Region : Orkney Home
Island : Mainland Map
Area : Bay of Skaill List
Grid Reference : HY 231 187 Glossary
Period : 3100-2500 BC Bibliography
Skara Brae

Skara Brae image

Uncovered by a severe storm that stripped away its covering sand dunes in 1850, this is northern Europe's best preserved prehistoric village. The site consists of several huts connected by passages. The village, older than the Egyptian pyramids and Stonehenge, was occupied from 3100 to around 2500 BC, during two distinct phases. Of the earlier period two houses and some parts of other two are still visible. The later village, standing on the remains of the earlier, comprises six houses and a workshop.
One of the best preserved buildings is House 1 (in the photo), which displays some of the most evocative features of Neolithic domestic life: opposite to the entrance is a remarkable stone dresser, where prized objects were probably displayed. Around it, a grinding stone and three small tanks set into the floor: their slabs were cemented with clay to make them watertight and they were used to prepare fish bait (soaked limpets). Between the dresser and the central hearth, is a stone seat. On either side of the house are slab-built beds, with cupboards for personal belongings set into the walls. The furniture was made from local flagstone.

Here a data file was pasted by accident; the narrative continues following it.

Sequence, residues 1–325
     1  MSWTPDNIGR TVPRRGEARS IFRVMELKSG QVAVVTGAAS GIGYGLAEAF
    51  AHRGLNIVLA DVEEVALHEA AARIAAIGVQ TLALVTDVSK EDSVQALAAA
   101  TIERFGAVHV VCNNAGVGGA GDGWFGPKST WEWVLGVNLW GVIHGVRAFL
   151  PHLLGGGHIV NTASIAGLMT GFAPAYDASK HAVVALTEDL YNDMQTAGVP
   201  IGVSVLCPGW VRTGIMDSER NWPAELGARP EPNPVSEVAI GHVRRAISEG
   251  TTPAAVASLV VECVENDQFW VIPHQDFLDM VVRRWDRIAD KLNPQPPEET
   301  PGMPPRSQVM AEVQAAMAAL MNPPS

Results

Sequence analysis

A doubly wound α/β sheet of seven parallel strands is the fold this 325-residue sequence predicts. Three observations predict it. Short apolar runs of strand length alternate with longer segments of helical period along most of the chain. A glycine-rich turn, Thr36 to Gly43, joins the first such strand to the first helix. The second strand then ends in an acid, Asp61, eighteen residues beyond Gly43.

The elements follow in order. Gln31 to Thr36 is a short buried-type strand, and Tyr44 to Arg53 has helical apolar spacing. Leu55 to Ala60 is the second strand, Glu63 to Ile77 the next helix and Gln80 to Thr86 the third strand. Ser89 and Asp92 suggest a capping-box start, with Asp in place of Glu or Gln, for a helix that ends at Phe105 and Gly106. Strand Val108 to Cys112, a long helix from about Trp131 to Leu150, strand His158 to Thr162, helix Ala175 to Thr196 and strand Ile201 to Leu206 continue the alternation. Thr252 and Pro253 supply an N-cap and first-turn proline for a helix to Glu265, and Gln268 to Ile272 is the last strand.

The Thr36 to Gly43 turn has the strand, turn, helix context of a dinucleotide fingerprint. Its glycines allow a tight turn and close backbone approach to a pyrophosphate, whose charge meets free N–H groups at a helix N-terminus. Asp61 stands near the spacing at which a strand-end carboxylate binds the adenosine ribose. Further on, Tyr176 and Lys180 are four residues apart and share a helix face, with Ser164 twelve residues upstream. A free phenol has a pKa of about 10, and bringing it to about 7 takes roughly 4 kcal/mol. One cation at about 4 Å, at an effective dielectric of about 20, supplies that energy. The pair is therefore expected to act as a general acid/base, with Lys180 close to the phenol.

All the houses have recesses, compartments and cells in the walls. Some of them, such of those behind the dressers, are not easily accessible. They were mainly used as storage spaces, but some cells, with drains running underneath them, could have been toilets.
The houses, which measure from 4.3m x 4m to 6.4m x 6.1m, were probably roofed with timber, whalebone, turf and heather.
The so-called workshop lies to the west of the village. It is a free-standing structure, with a central hearth but no dresser, no stone boxes, no beds. During excavation a lot of stones fractured by heat and fragments of chert were found. These finds suggest that it was a workshop for the making of stone tools.
A large amount of organic materials and artefacts were found and helped in giving an excellent picture of life in Neolithic times: among them some carved stone objects, probably used for ritual purposes, stone axes and a lot of bone tools (points, slices, mattocks) and jewels (pins, pendants and beads).
Near the Skara Brae village is a nice small site museum, where many artefacts are displayed, and a modern reconstruction of one of the houses.
In care of Historic Scotland